Breakthroughs Come from Constraints: Turning Your Limitations into Advantages

Your special recipe, John Grisham’s ingredients, and how to avoid boredom.

Rise & Shine. This is Man Morning - the newsletter for the man who wants to wake up each morning with a greater sense of purpose and community.

In today’s issue:

  • 🍲 The recipe

  • 📚 John Grisham’s ingredients

  • 💬 Smart words


It’s easy to focus on what you don’t have.

You can say you don’t:

  • Have enough money in the bank

  • Know the right people

  • Live in the right city

  • Have the right software on your computer

The problem is that we spend so much time identifying what we don’t have we rarely ask:

“What do I have?”

Right now is a great opportunity to get curious and begin identifying the ingredients that you do have.

Here’s a great way to think about it:

Imagine a meal you’d like to make.

Let’s say the recipe requires 10 ingredients, but you only have 7 of them.

You can go to the grocery store and buy the remaining three ingredients. You could also throw in the towel and order takeout.

Or you can get creative and use the 7 ingredients that you do have to whip up a tasty meal.

In business and life, growth and innovation often come from constraints.

It’s not always the large organizations with huge budgets, loads of resources, and a big staff that win (remember Blockbuster, Kodak, and Blackberry).

Many times, it’s the small, nimble, resource-strapped start-up that shakes things up and disrupts an industry (enter Netflix).

This is because they see their circumstances (their lack of ingredients) as their advantage, as opposed to their weakness.

They focus on what they do have as opposed to what they don’t.

Having more isn’t always better.

Breakthroughs come from constraints.

Have some fun. See your constraints as an advantage.

Play the hell out of the cards currently in your hand.


John Grisham’s books have sold over 300 million copies worldwide. They have been translated into 40 languages.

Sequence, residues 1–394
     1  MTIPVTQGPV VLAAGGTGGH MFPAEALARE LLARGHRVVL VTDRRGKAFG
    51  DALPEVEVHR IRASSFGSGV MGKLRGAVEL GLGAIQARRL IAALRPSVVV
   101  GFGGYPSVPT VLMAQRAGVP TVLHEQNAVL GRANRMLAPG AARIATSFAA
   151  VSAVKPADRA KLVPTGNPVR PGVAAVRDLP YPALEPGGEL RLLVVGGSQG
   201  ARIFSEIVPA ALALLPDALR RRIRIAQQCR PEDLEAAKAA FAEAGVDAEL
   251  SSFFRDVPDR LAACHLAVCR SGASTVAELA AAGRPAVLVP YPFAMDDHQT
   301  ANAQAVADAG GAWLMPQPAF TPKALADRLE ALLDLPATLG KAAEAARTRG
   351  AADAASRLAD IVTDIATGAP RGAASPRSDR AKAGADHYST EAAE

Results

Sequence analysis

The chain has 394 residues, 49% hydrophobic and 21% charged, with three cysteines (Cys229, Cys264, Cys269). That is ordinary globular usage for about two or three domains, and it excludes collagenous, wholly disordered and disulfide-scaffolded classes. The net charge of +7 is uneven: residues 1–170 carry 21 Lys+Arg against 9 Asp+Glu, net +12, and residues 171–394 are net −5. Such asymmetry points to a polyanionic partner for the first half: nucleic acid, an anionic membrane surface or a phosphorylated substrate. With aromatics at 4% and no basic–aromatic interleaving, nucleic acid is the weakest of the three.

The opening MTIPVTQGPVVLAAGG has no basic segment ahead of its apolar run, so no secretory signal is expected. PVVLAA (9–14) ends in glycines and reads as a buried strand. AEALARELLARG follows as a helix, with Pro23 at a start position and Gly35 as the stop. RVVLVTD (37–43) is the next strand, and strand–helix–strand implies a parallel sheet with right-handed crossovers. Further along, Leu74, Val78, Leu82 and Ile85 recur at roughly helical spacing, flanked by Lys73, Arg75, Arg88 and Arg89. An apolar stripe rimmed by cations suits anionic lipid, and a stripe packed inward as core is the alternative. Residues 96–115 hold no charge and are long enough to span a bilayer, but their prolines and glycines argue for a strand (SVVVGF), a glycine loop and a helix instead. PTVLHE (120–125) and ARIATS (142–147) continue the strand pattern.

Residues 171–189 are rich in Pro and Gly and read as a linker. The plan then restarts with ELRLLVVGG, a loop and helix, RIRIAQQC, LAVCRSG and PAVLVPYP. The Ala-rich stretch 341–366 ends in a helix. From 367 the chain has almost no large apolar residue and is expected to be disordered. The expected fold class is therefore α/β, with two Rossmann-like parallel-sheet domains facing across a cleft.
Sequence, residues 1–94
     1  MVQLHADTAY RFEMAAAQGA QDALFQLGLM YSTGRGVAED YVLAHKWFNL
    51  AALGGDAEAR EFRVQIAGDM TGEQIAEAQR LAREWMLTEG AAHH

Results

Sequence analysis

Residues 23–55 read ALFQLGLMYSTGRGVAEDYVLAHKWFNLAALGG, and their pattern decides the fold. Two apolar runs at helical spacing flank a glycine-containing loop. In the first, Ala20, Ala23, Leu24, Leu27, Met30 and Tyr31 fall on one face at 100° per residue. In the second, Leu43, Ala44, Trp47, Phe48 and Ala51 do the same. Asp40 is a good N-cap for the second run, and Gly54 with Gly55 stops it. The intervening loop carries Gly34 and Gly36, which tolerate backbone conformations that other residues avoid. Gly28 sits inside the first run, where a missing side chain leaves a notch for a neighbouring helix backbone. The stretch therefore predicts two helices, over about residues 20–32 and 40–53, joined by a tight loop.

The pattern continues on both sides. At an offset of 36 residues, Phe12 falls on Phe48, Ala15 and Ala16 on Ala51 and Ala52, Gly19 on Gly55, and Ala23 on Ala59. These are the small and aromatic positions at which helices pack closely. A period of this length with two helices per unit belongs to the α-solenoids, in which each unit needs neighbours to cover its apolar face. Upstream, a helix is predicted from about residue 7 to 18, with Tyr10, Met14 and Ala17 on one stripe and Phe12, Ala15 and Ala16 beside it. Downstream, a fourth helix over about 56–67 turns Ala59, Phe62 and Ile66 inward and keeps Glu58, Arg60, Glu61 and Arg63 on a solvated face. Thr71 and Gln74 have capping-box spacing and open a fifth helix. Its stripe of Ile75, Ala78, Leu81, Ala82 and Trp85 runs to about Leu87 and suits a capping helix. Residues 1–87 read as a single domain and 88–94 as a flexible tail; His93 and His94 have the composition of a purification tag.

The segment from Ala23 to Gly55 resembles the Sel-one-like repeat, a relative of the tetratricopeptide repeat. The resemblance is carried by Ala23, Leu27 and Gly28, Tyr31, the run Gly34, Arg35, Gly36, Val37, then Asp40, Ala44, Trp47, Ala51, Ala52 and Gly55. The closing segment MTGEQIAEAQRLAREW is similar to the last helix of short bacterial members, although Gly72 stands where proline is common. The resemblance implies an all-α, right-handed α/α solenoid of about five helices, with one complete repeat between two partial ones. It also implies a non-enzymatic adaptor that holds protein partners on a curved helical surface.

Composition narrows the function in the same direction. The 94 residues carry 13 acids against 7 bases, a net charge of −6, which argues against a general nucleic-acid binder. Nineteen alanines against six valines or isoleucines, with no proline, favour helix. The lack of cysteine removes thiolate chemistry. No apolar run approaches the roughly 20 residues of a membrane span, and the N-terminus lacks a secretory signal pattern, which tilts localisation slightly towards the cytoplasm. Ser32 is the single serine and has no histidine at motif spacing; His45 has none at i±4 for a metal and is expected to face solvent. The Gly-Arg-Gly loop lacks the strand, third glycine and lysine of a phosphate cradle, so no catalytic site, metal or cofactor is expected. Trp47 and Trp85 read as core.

But before Grisham became a household name, he used the ingredients he had at his fingertips.

The ingredients Grisham used were:

First-hand experience: Grisham was a small-town lawyer and member of the Mississippi state legislature. Inspired by the terrifying testimony of young girl in a local rape trial, and informed by his experience as lawyer, he started writing first novel, A Time to Kill.

Time: Grisham would wake up at 5:00 AM so he could get at least 3 hours of writing in before he had to be in court or meet with clients at 9 AM.

Persistence: It took Grisham three years to finish the A Time to Kill. It was initially rejected by dozens of publishing houses before finally being sold. Only 5,000 copies of the book were initially printed. Grisham purchased 1,000 of these books to take on a small book tour he scheduled himself.

Consistency: After A Time to Kill was finished, Grisham immediately began writing his next novel. It was called, The Firm. The novel was made into a Hollywood blockbuster starring Gene Hackman and made nearly $300 million worldwide.

300 million books sold later, Grishman still follows his early morning routine. Though these days without having to manage two jobs, he’s able to write until noon.


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Man Morning Team (MMT)

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